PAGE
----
QUESTIONS FOR MOTIVATION AND CHECKING PRIOR KNOWLEDGE:

What should a shop assistant  master to be able to communicate successfully with a foreign customer?
The students consult in pairs and prepare  answers to the question. In a group of 4, they compare their ideas and create a common mindmap.

 

CREATING SUCCESS CRITERIA:
Each group shares one idea with others  and a common mindmap  is being developed on the board.
The jointly created mindmap is compared to the mindmaps of the  last year's generation and completed  meaningfully.

The teacher includes students'ideas when  preparing work materials . They include a variety of tasks to achieve all the agreed success criteria for an effective communication with the customer.
 
After processing the learning material,  students write an example of a  dialogue: In a shop.

 

FEEDBACK
According to teacher's feedback, students improve their dialogue.

Students prepare a role play to present the written dialogue.

 

PEER EVALUATION AND SELF-EVALUATION

Students perform a role play in pairs.  Classmates give them feedback according to the set criteria.

In the same way, couples that played dialogues  self-evaluate their own performance.

 

SELF-REFLECTION

At the end of the lesson, the students receive a questionnaire with which the teacher obtains their opinion on the course of the learning process (methods of work, degree of difficulty,  teacher's support…). Sudents also give feedback on what they would improve /do differently/ leave out ... in the future.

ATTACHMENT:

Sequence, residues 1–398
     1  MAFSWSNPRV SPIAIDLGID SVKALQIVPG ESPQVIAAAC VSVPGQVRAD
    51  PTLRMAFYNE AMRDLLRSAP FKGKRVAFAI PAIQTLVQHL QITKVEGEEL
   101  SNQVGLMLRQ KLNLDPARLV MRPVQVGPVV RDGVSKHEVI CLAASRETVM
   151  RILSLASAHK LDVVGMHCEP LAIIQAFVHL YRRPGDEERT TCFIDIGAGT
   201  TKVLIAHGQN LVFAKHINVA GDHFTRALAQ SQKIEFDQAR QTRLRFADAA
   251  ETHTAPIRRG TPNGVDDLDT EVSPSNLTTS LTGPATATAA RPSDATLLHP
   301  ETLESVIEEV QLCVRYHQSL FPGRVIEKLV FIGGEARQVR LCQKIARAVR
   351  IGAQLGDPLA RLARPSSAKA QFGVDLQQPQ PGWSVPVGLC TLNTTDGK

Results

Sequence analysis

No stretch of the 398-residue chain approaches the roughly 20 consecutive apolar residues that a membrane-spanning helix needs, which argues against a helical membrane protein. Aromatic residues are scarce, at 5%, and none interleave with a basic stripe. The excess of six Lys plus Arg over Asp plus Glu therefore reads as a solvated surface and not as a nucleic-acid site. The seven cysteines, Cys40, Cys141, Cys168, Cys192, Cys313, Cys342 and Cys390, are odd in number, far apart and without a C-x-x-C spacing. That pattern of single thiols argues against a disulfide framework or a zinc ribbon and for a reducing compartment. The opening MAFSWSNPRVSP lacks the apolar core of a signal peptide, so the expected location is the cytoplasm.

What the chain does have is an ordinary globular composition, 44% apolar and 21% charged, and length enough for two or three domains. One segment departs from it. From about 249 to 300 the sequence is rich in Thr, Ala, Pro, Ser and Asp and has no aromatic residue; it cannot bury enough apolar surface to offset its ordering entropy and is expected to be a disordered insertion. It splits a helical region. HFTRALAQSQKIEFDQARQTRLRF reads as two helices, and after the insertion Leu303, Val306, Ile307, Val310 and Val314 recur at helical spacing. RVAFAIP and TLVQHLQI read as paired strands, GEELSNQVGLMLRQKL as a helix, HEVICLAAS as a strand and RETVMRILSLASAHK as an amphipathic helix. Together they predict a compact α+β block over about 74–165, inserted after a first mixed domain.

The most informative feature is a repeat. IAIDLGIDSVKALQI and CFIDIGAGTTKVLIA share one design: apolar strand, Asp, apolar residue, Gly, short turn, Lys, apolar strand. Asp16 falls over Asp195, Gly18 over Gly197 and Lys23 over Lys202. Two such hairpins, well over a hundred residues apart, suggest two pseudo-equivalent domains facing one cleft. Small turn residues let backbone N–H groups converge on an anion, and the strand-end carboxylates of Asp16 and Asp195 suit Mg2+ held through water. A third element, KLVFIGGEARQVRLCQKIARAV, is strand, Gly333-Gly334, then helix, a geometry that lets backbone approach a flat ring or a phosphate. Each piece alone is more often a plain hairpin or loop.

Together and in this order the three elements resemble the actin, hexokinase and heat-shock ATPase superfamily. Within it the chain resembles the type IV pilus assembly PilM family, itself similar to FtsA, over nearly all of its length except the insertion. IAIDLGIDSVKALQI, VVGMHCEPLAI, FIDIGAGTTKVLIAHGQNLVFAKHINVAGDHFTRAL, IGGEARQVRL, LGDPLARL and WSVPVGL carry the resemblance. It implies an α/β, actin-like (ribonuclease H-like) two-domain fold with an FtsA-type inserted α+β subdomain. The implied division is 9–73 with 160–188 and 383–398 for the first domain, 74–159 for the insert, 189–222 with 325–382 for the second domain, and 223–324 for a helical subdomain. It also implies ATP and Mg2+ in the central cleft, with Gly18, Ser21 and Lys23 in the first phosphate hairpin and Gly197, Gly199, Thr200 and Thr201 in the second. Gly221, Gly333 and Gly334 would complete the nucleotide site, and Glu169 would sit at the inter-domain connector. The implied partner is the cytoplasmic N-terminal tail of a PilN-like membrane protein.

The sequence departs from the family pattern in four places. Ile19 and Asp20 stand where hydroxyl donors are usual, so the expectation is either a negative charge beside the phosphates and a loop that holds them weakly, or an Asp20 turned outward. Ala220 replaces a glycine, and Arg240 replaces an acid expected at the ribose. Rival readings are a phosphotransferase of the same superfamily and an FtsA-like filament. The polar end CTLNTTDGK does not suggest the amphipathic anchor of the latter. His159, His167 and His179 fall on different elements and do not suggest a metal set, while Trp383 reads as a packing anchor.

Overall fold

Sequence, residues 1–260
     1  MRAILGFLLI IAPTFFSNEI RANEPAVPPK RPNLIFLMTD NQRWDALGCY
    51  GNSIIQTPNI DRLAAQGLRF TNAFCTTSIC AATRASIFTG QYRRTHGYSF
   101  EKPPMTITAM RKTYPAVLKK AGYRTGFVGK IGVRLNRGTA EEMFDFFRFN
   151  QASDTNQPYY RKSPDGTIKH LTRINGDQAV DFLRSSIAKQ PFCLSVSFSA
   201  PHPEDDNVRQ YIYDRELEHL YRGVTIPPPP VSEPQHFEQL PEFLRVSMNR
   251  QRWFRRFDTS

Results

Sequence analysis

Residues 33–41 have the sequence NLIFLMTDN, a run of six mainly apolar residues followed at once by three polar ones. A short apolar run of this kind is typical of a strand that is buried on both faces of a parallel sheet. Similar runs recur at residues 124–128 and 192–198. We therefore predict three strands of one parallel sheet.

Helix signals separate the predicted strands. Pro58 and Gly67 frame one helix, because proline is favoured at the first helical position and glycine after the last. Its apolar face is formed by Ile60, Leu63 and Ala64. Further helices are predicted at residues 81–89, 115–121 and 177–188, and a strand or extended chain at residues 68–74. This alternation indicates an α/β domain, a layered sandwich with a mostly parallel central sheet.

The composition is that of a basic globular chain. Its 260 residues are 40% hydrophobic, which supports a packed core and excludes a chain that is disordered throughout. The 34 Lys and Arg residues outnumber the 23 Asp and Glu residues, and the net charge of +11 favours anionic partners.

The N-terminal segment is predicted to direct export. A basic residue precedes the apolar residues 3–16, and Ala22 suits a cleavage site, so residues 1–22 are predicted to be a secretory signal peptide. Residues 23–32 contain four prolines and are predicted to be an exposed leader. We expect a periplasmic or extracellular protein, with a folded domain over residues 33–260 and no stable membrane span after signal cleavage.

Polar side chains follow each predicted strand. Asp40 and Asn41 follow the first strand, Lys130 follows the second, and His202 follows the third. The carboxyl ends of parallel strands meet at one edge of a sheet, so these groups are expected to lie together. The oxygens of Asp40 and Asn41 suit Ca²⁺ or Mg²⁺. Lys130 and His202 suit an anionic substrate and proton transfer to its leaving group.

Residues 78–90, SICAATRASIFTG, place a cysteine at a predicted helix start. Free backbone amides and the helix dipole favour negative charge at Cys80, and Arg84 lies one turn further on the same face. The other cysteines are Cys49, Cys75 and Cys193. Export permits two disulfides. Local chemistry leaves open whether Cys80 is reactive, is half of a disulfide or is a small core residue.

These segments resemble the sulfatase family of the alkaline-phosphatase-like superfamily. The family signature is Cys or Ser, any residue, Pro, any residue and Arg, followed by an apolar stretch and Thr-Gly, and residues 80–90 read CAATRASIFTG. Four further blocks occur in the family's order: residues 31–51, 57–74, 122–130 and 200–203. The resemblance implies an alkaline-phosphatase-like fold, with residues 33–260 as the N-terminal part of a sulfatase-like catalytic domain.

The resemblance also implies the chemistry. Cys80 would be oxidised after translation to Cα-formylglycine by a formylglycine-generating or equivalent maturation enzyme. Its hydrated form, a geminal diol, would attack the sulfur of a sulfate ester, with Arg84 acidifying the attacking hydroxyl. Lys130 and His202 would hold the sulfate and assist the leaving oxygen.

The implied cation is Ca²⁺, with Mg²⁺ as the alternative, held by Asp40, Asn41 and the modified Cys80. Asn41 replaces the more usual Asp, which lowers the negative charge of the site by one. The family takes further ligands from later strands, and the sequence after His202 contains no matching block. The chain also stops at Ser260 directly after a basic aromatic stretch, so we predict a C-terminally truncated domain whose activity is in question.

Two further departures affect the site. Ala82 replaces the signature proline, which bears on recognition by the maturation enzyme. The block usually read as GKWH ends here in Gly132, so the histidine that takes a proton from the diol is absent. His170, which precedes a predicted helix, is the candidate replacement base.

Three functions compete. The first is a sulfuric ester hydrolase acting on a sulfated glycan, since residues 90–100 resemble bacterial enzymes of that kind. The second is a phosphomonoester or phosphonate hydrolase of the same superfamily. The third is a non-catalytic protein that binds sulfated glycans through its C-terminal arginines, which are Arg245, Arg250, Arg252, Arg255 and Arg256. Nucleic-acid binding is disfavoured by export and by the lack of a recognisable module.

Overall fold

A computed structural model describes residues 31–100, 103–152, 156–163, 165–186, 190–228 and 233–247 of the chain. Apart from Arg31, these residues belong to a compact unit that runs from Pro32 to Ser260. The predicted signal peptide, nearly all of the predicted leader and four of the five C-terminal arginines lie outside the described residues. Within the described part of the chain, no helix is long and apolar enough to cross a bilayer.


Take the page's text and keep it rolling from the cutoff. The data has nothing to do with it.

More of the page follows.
Student's Work/ Evidence of Learning Derived from Conversations or Observations during the Learning Process:

 

-  Mindmaps of individual groups and of  the whole class.

 

 

- Written dialogue: In a Shop.

 

- The performedrole plays are the most explicit evidence of learning.

 

- Feedback from self-evaluation (what do you think of your performance? What was good? What could be improved?).

 

- Peer feedback.

 

- Feedback to the teacher (questionnaires).

              

 

 

 

 

 

 

 

 

 

 

 

 

 

 

 

 

 

 Standards of knowledge / expected learning outcomes:

 Student:
- understands the main information of the messages (short conversation in a store).
- Follows simple instructions and notices from his/her partner.
- Responds by  creating  a simple text.
- Exchanges information and communicates own needs.

 

How you can use this material in your practice: 

Teachers plan their classroom practice according to the Student Voice principles in partnership with students, underpinned by democratic engagement and respect so that students can reach their full potential as learners and democratic citizens.

Unit Plan provides some ideas for pedagogical practices that support the active role of all students in their learning by building bridges between students and teachers. It can be useful to upper secondary teachers when planning a certain topic, striving to create a safe   and stimulating learning environment where the student voice matters.

 

This material reflects only the author’s view; the Commission is not responsible for any use that may be made of the information it contains.